Monday, November 29, 2010
Class actions challenging administrative decisions
Holcomb v Westchester County, 255 AD2d 383
“Class action” relief is rare in the public sector because courts have traditionally viewed expanding the “plaintiff class” to all members of a certain group unnecessary due to the legal principle called stare decisis (to abide by past decisions).
Stare decisis is the judicial doctrine that once a court has laid down a principle of law applicable to a certain set of facts, that principle will be applied in future cases involving the same facts. For example, if a public employee wins the right to overtime as a result of a court’s interpretation the Civil Service Law, all similar situated public employees would have an identical right to overtime under stare decisis.*
However, there can be exceptions to this general rule about the inappropriateness of class actions by public employees. The Appellate Division’s consolidated decision in Holcomb and Hetherington cases illustrate such an exception.
Michael Holcomb and Helen E. Hetherington sued Westchester County, contending that their positions were improperly abolished by the county. They argued that because the County Board of Legislators had not amended the county’s budget to reflect the abolishment of their positions, their positions could not be abolished by “administrative action” taken by the County Executive.**
Holcomb and Hetherington also asked for “class certification” in order to include some 300 other Westchester County employees whom they claimed had also been unlawfully terminated when their positions were abolished by “administrative action.” A state Supreme Court justice granted their motion for class certification, and the county appealed.
The county argued that class certification was unnecessary under stare decisis; the final determination in a court proceeding involving a governmental operation would be controlling in future litigation involving the same issue.
The Appellate Division disagreed with county and upheld the Supreme Court’s determination. The Appellate panel said the Supreme Court did not abuse its discretion because consolidating claims into a class action was a less cumbersome way for the courts to handle these claims as the 300 potential litigants were only seeking “relative small sums of damages” and were clearly part of a “large, readily definable class.”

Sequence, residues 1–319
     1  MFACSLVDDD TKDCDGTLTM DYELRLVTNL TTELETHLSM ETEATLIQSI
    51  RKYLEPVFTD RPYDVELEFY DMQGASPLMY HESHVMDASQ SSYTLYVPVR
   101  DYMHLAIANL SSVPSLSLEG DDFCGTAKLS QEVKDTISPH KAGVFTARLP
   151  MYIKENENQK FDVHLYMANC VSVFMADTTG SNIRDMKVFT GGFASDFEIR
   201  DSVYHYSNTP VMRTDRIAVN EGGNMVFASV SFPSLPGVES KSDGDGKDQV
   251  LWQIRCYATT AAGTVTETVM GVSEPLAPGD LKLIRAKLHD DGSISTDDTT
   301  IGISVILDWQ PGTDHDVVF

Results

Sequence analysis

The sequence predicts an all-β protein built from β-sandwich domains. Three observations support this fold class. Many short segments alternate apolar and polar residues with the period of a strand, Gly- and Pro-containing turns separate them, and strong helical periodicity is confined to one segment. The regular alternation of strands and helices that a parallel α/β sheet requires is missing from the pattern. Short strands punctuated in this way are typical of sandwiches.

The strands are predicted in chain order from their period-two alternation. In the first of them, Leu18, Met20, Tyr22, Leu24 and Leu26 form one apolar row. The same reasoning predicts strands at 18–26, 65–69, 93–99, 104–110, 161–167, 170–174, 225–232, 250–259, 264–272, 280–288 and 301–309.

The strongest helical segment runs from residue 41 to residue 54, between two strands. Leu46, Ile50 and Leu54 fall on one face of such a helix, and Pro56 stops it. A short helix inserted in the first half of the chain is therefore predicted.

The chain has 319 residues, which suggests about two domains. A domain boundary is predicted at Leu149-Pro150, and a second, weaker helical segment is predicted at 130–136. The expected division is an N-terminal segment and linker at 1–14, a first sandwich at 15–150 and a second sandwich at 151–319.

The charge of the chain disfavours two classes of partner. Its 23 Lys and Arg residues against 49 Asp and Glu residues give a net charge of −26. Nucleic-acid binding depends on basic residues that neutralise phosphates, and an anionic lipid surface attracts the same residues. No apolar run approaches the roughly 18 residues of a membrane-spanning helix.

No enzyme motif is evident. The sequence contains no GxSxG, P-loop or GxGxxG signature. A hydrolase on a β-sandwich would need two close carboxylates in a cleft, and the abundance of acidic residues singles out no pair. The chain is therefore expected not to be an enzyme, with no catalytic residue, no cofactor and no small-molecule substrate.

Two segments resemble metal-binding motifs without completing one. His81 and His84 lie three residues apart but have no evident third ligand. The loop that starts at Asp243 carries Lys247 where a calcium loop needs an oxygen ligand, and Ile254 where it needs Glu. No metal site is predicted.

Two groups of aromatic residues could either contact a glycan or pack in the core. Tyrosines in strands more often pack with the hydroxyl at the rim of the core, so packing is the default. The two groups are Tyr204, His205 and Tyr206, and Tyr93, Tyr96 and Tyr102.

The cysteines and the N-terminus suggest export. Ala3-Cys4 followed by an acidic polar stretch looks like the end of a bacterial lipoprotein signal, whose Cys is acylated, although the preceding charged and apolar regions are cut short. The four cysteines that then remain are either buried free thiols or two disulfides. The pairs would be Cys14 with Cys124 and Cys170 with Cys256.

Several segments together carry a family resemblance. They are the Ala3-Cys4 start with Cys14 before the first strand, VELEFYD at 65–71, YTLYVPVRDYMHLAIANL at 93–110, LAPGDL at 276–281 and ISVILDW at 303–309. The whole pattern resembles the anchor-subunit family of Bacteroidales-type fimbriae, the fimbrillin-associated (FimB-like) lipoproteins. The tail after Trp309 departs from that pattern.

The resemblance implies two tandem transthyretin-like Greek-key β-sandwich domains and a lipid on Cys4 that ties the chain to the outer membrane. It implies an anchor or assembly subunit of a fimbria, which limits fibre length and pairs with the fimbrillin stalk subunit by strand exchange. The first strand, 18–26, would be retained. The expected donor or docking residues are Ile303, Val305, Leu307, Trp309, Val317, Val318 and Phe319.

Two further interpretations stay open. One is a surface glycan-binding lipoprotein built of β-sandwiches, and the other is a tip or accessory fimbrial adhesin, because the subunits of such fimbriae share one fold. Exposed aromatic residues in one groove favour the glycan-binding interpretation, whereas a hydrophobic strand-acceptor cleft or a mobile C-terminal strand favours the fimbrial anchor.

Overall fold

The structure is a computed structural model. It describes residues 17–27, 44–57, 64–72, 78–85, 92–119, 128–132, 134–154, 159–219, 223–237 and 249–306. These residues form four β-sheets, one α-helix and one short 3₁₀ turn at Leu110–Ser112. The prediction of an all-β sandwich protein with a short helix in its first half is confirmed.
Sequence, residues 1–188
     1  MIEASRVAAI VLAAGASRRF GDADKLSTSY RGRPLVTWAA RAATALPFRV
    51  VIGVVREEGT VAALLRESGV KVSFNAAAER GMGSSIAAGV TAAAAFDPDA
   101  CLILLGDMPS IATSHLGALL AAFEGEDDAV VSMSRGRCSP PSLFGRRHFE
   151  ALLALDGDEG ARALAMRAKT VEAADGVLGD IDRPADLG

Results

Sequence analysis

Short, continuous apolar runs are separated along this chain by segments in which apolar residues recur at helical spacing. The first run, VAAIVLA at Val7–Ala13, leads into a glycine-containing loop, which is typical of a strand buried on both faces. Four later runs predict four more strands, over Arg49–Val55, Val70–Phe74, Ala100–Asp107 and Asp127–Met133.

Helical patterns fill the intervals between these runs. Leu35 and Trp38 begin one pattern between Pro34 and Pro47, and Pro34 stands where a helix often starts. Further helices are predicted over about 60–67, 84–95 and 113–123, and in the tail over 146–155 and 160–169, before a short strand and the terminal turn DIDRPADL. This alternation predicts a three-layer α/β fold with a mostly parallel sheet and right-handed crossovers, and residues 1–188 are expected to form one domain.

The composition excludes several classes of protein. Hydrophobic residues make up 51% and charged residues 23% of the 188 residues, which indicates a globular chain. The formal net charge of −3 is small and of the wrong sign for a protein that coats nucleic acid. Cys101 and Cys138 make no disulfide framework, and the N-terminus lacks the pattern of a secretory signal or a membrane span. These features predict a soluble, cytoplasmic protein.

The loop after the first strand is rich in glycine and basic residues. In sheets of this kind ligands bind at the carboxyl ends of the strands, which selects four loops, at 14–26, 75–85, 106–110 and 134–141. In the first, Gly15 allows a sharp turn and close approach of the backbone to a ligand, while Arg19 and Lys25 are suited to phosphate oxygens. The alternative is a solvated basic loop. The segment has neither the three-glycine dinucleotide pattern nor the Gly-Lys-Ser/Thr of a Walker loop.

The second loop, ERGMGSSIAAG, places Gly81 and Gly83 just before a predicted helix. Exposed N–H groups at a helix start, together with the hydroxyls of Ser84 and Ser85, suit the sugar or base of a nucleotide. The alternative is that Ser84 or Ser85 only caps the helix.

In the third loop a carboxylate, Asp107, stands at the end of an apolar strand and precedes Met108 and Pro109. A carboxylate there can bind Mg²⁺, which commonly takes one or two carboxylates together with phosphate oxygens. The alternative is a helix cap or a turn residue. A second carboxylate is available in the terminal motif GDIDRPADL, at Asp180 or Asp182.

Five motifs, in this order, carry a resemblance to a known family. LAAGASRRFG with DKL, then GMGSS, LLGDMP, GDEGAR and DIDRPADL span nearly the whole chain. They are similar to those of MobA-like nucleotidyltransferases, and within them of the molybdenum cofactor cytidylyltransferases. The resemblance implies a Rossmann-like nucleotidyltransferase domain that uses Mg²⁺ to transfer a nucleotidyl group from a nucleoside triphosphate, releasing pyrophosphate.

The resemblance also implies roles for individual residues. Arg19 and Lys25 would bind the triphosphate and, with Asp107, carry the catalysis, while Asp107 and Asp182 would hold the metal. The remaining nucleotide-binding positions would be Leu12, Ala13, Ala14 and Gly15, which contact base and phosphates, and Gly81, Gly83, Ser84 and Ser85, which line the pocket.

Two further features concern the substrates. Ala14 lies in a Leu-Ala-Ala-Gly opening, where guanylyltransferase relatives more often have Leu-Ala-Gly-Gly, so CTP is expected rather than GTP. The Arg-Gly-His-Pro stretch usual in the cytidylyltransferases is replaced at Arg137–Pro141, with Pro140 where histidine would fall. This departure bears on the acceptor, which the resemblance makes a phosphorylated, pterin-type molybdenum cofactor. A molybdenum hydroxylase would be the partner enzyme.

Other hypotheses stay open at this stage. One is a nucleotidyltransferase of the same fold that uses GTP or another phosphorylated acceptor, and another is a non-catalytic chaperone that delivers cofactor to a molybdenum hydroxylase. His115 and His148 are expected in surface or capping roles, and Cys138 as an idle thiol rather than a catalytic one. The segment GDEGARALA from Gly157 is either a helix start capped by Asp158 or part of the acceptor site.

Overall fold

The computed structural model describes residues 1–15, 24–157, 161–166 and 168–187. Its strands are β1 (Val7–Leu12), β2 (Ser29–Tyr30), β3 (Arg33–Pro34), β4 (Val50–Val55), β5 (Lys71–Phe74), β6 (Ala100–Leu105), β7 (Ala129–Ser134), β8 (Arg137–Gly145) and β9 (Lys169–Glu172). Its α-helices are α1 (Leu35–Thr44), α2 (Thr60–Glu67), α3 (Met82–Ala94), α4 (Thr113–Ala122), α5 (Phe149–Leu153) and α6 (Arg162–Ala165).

Further, court observed that the central issue -- whether the county legislature’s failure to amend the budget meant that positions were improperly abolished -- was appropriate for class-based consideration.
* Typically the doctrine of stare decisis is not applied in arbitrations. For example, City School District of Tonawanda v Tonawanda Education Association, 63 NY2d 846, involved a situation in which the same facts considered by two different arbitrators but involving two different employees produced different results. The school district had made layoff decisions that adversely impacted on two employees. Both individuals grieved. The grievances were considered by two different arbitrators. The first arbitration decision handed down ruled in favor of the employer while in the second case, heard by a different arbitrator and handed down after the first arbitrator had made a ruling, the employee prevailed. The school district claimed that the first arbitrator's decision should be adopted by the second arbitrator since the same facts were involved and thus the second arbitrator was bound by the first arbitrator's findings. The Court of Appeals rejected Tonawanda's theory, holding that both arbitration decisions were to stand.
N.B. Would Tonawanda have been disposed to argue that the second arbitrator was bound by the first arbitrator's award had it gone the other way? It is prudent to consider the future impact of an instant position under alternate circumstances in such situations.
** Holcomb and Hetherington appear to be arguing that the Doctrine of Legislative Equivalency, i.e., “a position created by a legislative act can only be abolished by a correlative legislative act,” controls in this action [see Matter of Torre v County of Nassau, 86 NY2d 421].
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